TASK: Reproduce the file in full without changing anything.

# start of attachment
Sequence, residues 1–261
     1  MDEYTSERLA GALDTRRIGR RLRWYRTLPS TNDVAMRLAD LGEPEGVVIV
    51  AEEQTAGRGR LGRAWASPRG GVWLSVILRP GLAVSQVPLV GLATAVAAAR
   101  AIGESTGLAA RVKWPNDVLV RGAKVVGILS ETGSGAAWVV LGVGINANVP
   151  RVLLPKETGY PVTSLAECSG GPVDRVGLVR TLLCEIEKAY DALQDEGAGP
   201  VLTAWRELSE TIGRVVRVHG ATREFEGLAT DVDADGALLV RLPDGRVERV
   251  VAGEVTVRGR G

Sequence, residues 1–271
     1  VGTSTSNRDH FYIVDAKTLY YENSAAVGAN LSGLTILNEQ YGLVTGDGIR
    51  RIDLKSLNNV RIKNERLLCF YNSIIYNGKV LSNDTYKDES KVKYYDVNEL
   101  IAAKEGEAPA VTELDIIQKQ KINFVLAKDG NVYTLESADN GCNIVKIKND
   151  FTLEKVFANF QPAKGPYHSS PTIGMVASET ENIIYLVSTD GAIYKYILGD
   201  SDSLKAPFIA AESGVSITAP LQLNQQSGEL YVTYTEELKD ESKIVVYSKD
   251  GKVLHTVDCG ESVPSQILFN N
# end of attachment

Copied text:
Sequence, residues 1–261
     1  MDEYTSERLA GALDTRRIGR RLRWYRTLPS TNDVAMRLAD LGEPEGVVIV
    51  AEEQTAGRGR LGRAWASPRG GVWLSVILRP GLAVSQVPLV GLATAVAAAR
   101  AIGESTGLAA RVKWPNDVLV RGAKVVGILS ETGSGAAWVV LGVGINANVP
   151  RVLLPKETGY PVTSLAECSG GPVDRVGLVR TLLCEIEKAY DALQDEGAGP
   201  VLTAWRELSE TIGRVVRVHG ATREFEGLAT DVDADGALLV RLPDGRVERV
   251  VAGEVTVRGR G

Sequence, residues 1–271
     1  VGTSTSNRDH FYIVDAKTLY YENSAAVGAN LSGLTILNEQ YGLVTGDGIR
    51  RIDLKSLNNV RIKNERLLCF YNSIIYNGKV LSNDTYKDES KVKYYDVNEL
   101  IAAKEGEAPA VTELDIIQKQ KINFVLAKDG NVYTLESADN GCNIVKIKND
   151  FTLEKVFANF QPAKGPYHSS PTIGMVASET ENIIYLVSTD GAIYKYILGD
   201  SDSLKAPFIA AESGVSITAP LQLNQQSGEL YVTYTEELKD ESKIVVYSKD
   251  GKVLHTVDCG ESVPSQILFN N